(2) A literal reading of the words “before the identification was made” was supported by the remainder of the section. That the “identification” was not referring simply to the identification given in evidence at the hearing, was supported by s 114(3)(c)(ii) which expressly envisaged that the identification could be made out of court and at about the time of the commission of the offence.
(3) A number of decisions supported the construction of the section put forward by the DPP. Those cases were DPP v Donald and Anor  NSWSC 949 (Bell J), R v Thomason  ACTSC 112 (Miles CJ) and R v D  ACTSC 82 (Penfold J). There was only one decision which expressly adopted the applicant’s interpretation, R v Taylor  ACTSC 52 (Rares J). Davies J declined to follow the approach in Taylor on the basis that it involved a misreading of s 114.
Hoeben JA [at 55] held that the act of identification doesn’t take place at the time the evidence is given at Court, but rather occurs at the time of the witness forming the view of who the person is. (In the facts of this case, of seeing the man at the window). The reasonableness of the holding of a parade is assessed from that point in time, and not subsequently. The accused’s counsel had argued that if the identification was not held to be the time of the witness giving the evidence in court, it would obviate the need for parades and photo identifications in many cases, defeating the purpose of Part 3.9. This argument was not accepted.
Basten JA’s approach was slightly different. His Honour found there was an alternative basis on which the evidence was admissible. If the complainant’s statement in court was that the man in the dock was the man at her flat on the night of the charge, then his Honour held that to be an identification to which s 114 required an identification parade. But if her evidence was that the man at the flat was the man who’d previously assaulted her, and against whom she had an intervention order, then that identification occurred on the night of the charge and no prior opportunity for a parade existed. Basten JA held that this ambiguity was not resolved in the Local Court, and had not been properly addressed on the first appeal.
Basten and Hoeben JJA’s approaches are not very far apart. Basten JA places more emphasis on whether what is being given is a dock identification or evidence of prior recognition. Perhaps it is an extension of the same argument. But both justices agree that pin-pointing the time at which the identification takes place is the key, and that this isn’t always when the evidence of that identification is given.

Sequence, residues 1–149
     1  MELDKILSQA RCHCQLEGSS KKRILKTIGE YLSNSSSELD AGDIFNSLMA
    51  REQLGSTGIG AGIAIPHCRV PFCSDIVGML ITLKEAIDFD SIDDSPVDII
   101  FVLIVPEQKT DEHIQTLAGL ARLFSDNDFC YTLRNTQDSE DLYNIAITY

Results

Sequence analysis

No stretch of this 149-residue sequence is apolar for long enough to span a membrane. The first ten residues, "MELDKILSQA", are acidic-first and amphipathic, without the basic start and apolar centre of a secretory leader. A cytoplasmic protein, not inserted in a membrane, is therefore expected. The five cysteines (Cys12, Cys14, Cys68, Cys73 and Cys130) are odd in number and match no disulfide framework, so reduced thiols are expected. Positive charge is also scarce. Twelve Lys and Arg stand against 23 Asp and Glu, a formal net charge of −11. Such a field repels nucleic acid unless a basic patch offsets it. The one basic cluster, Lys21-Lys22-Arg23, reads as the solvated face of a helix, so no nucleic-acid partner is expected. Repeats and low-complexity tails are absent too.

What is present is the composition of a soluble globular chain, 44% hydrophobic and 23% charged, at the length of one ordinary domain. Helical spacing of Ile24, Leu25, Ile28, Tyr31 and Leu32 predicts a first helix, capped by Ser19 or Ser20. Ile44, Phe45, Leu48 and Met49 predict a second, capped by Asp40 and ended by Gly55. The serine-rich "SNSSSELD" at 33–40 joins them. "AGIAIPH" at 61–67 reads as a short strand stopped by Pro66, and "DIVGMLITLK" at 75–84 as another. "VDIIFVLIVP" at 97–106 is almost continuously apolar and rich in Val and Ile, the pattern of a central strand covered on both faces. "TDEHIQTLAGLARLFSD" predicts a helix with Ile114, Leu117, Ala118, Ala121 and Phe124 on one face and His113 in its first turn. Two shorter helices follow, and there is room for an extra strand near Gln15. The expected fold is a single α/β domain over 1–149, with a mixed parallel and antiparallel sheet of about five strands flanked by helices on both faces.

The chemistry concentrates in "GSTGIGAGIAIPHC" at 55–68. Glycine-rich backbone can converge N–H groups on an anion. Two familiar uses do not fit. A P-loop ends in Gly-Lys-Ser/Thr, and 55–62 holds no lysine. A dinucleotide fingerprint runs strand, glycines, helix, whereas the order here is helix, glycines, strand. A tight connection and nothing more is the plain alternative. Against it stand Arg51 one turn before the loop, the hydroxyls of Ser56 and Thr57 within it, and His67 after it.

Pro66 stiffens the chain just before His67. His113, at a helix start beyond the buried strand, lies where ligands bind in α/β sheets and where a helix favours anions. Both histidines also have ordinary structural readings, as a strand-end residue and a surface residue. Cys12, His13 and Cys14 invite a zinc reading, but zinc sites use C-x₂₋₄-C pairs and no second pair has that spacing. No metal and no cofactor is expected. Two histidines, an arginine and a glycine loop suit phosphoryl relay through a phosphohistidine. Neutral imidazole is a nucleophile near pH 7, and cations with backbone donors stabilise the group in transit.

This decision clarifies the existence of a pathway to the admission of what the common law sometimes referred to as recognition evidence. When a witness approaches the police and tells them that, “I just saw Joe Bloggs steal my car.” then they may ask the complainant and suspect to cooperate with a parade (and probably should, if they want to lend weight to their witness’s identification). But I don’t think they are required to do so, as a prerequisite to the admissibility of the evidence. (Under Part 3.9, at least – exclusion under ss 135 and 137 would be a separate issue). The time at which the identification occurred (the witnessing of the person stealing the car) has already been and gone; and it’s clear that there was no opportunity for a parade or photo identification to be conducted prior to that point.
Odgers alludes to this possibility in his Uniform Evidence Law [at 1.3.9560] when he wrote,
“The matters listed in s 114(3) may well allow the police to avoid holding an identification parade in such cases as where the identifying witness ‘recognised” the defendant when the crime was committed, where identification is not seriously in issue, where the crime involved is relatively minor, or where it is practically difficult to conduct a proper parade. Thus, for example, it would not have been reasonable to hold a parade in a case where the identification occurred a few minutes after the commission of the offence and before the police had begun an investigation.”
The last part is reference to situations where the witness sees the accused again after the alleged offence. But the principle applies equally if a witness sees somebody they had recognised as knowing from before the incident in question.